Creative capabilities are an important cornerstone of progress in science and technology, and also a precondition for advances in other societal domains. In the context of heightened competitive pressures to foster science-driven business development and the rise of new global locations for research (especially China), research policymakers in the U.S. and other developed economies hope that adjustments to institutional and organizational environments for scientific research will promote not only more efficiency but also boost scientific excellence and creativity. In contrast with these needs, creativity usually is investigated at the micro level through cognitive studies that embed investigators in research laboratories or apply psychological measurement of individual attributes such as intelligence. At the other extreme, it has been measured at the national level using national indicators of publication and citation strength.
This study investigates features of the meso level (team, organizational, institutional) of the research environment, with particular focus on highly creative and unconventional research activities in human genetics and nanotechnology. Building on a recently completed initial pilot study which identified highly creative scientists in these two scientific fields in the U.S. and Europe, this study extends the measurement and analytical approaches to address the question: What features of the environment at the meso level have an effect on the creative achievements of researchers identified by peers and academic awards as highly creative and what patterns, if any, do these effects have in the career paths of these researchers.
With data from a previously conducted survey of peers yielding nominees plus a set of prize winners in the two fields, this project develops a new database of Curriculum Vitae (CV) of the set of highly creative researchers and a comparison group to (1) reveal the influence of meso level contextual factors (team, organization and institutional) on the performance of highly creative research; (2) determine the existence of career patterns as a result of the interaction of the intrinsic ability of individuals and the features of the meso level environment that are associated with highly creative research; and (3) explore the relation of work assessed by peers to be highly creative with other features of a research career such as productivity, excellence and visibility. The study contributes to the methodology of science studies for policy by further developing and extending CV analysis.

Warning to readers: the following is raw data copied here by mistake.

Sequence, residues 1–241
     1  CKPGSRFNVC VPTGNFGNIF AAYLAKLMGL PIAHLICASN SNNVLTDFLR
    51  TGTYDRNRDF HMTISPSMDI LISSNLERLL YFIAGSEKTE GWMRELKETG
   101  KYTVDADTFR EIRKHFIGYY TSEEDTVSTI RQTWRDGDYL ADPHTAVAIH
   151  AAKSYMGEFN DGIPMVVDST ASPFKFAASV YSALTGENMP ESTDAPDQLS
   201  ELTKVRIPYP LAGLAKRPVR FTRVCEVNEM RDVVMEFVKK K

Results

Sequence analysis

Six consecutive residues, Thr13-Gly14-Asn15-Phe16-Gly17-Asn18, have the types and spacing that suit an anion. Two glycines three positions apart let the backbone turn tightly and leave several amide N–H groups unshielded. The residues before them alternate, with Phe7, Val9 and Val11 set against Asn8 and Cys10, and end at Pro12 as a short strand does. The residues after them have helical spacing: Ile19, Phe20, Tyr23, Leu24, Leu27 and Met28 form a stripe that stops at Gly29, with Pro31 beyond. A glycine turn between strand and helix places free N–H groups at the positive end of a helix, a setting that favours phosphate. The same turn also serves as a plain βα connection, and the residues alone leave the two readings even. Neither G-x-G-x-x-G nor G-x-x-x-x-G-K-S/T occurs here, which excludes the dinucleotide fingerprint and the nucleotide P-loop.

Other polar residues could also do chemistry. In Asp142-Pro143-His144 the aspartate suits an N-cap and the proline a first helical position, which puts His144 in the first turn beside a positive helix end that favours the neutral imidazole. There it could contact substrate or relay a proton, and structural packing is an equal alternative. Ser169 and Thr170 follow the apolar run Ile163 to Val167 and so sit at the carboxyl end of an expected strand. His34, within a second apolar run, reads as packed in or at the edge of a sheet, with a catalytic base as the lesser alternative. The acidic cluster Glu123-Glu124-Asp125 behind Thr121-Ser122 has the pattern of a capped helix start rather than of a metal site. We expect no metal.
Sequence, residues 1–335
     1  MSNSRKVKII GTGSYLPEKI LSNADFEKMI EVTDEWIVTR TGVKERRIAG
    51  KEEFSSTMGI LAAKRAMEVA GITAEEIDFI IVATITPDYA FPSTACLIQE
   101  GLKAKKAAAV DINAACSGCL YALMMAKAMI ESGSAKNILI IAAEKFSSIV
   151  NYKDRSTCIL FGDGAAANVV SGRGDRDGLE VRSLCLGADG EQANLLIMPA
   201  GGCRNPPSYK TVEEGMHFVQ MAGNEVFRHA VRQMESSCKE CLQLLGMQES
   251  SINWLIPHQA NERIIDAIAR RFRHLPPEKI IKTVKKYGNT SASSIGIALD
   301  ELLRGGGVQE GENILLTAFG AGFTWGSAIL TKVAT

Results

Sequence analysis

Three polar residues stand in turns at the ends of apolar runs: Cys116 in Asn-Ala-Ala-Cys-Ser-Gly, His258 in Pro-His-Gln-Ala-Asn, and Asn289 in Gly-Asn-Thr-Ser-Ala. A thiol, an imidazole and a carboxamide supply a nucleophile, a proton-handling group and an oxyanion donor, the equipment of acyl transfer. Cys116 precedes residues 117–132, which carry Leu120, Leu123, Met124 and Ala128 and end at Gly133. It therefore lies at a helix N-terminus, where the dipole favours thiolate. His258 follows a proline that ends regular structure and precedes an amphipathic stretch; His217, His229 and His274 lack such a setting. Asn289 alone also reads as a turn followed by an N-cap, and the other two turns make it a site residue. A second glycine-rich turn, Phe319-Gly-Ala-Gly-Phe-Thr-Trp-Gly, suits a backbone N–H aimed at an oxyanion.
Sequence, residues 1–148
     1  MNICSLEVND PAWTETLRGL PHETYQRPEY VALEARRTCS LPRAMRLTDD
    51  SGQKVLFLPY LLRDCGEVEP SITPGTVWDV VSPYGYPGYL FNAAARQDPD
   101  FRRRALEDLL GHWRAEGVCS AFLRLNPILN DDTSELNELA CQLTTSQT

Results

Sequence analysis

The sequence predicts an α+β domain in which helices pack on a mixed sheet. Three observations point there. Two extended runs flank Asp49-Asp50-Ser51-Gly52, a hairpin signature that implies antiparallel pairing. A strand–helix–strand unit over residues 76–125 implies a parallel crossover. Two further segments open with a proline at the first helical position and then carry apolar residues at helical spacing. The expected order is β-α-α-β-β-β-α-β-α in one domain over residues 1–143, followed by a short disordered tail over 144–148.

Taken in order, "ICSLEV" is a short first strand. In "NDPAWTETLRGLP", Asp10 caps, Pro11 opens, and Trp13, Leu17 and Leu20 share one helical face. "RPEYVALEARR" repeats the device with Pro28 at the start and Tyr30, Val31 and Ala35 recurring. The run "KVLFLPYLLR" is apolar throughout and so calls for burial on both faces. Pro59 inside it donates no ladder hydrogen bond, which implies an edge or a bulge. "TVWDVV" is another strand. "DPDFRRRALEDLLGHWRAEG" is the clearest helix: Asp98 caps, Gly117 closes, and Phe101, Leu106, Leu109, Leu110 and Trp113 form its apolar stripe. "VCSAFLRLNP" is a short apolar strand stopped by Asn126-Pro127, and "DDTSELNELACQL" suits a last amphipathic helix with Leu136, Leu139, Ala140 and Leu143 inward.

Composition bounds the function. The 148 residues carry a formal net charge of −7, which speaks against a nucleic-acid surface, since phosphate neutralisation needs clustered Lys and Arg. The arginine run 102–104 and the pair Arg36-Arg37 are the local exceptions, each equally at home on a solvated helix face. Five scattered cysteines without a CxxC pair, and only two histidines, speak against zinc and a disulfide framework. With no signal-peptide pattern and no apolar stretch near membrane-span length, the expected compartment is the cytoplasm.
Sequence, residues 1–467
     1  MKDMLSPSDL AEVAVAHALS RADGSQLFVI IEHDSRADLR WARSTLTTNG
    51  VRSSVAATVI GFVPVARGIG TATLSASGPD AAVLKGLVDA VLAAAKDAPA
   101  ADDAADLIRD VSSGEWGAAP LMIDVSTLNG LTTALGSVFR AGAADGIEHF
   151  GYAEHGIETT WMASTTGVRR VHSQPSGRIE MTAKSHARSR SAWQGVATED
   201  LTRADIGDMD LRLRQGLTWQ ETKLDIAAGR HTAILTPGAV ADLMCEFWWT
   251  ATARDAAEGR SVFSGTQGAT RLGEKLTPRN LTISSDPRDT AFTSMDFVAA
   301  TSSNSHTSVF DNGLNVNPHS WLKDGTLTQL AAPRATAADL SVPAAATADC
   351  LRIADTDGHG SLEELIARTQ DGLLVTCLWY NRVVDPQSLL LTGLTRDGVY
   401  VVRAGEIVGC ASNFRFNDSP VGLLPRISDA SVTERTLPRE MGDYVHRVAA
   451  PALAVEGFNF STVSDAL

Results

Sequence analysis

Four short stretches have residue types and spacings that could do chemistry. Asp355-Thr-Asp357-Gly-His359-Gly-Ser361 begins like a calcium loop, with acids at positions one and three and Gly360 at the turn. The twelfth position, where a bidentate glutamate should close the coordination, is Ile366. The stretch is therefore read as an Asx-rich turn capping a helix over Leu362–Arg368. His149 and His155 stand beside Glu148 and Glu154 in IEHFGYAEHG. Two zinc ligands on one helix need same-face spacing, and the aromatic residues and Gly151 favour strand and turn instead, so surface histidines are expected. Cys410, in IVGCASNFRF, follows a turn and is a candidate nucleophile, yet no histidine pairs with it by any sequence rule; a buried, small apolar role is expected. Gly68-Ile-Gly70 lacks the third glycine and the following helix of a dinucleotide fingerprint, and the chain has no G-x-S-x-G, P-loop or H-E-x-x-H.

The identification of meso level factors in the research environment has implications for research and human resource management, and the design and implementation of funding schemes. Several of these factors--such as award mechanisms, funding programs, organizational set-up of research sites, and facilitation of career-relevant mechanisms--are of interest to university and faculty management, industrial research and development management, funding organizations, and national research policy. The use of comparative fields extends the range of impact. Human genetics is an established biomedical field supported by a relatively stable set of disciplines. In contrast, nanotechnology is a newer emerging and interdisciplinary field. Likewise, this project extends the findings to research and innovation systems beyond the U.S. context. Public datasets containing variables related to creative researcher nominees, creative researcher and comparison group CVs, and awards and prizes will be made available for use by others. The researchers plan to publish results in peer reviewed journals, develop conferences and Web- accessible documents, as well as a policy workshop to further develop the implications of the study with science policy practitioners. Since the study is carried out by an international team and study an international population of scientists, it will strengthen comparative international research linkages and provide opportunities for young researcher training in measurement of creativity and organizational influences.